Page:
So I’ve had a lot of really bad shots recently. They were all relatively fresh, brewed by very fine barista’s, and roasted by well respected roaster’s. So why did they taste bad?
Was one of the known variables out of sync? Were the barista’s not focusing? ( I feel confident the barista in each case was of a consummate skill level to make a good shot, as I’ve had definitely had great shots from them on previous occasions.) So perhaps the machine wasn’t performing on top form that day? Or the heat from my person affected the humidity in the room and knocked the extraction off? (sadly a more likely reason) Was the espresso not blended enough and perhaps I got a little too much sumatra in that last ounze? Or perhaps instead I’m experiencing some bad fortune in the pot luck arena of espresso.
I have trouble believing in the notion of consistency in espresso. Being the product it is, how much consistency can we really expect from branch to branch an cherry to cherry. Clearly some farms take the time and effort to deliver a cup that is consistent in its clarity and flavour and I guess organisations like COE are rewarding such farmers accordingly. But I think I can fairly say most COE’s are being used for non espresso type brewing, and not espresso. So why is espresso so bloody hit and miss? Am I the bad workman blaming my tools? Am I just highlighting my own need for improvement, or am I facing the very challenge that espresso presents, and perhaps its very appeal. I don’t know any cafe in the world were they’re pouring great shots constantly every day. Does it exist? Is it possible?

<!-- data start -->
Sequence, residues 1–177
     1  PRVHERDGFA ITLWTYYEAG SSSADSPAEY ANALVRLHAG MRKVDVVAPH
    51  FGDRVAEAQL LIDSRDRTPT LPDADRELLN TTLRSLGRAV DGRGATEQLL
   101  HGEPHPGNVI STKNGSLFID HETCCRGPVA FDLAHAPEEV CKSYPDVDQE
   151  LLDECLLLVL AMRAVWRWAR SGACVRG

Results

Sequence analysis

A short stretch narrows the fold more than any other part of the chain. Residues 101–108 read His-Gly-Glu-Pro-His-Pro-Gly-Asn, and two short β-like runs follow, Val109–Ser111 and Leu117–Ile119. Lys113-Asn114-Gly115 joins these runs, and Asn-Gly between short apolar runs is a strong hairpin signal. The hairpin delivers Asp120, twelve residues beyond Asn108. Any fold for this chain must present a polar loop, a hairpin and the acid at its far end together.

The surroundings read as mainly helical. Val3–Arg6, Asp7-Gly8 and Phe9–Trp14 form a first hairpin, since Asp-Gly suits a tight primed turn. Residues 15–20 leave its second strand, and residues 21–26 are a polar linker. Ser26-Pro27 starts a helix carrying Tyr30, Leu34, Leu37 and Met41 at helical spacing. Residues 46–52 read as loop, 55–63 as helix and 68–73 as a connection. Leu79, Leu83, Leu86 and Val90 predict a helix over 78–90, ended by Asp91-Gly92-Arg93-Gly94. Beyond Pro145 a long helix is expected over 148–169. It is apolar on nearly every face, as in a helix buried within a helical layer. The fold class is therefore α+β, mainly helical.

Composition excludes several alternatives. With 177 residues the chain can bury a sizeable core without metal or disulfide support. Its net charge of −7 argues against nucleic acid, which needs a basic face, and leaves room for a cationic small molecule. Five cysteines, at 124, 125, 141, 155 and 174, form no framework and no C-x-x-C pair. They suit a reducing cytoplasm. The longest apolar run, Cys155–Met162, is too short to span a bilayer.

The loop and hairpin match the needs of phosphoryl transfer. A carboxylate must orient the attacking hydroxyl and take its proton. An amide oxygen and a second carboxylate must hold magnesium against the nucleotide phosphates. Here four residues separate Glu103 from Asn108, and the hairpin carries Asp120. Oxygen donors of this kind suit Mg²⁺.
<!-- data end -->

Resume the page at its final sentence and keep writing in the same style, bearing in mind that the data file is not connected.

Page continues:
Sure I know cafe’s that are trying their best to make that claim, but is it a realistic aim considering the sheer scope of variables facing us at every point in the chain? The three cafes I visit most regularly in Vancouver are The Elysian Room, Artigiano on Hornby, JJ Bean on Main St and my own place of employment, Wicked Cafe. I have had great shots and bad shots in all.
Its almost getting to the point now where I think I don’t like espresso, instead I think I strive to be consistent in brewing a cup lacking in any nastiness. Every time I pull a shot for myself or taste someone else’s I am waiting for the bad part. If it doesn’t come, I declare it a nice shot, taking no real notice of any exciting nuances in the mouthfeel, instead only having the finish and a memory to go by.
here’s some new pics;
I’m off to Seattle with friends for a quick visit on Sunday, so I’l hopefully take lots of photos and will have something comparisons between there and Vancouver.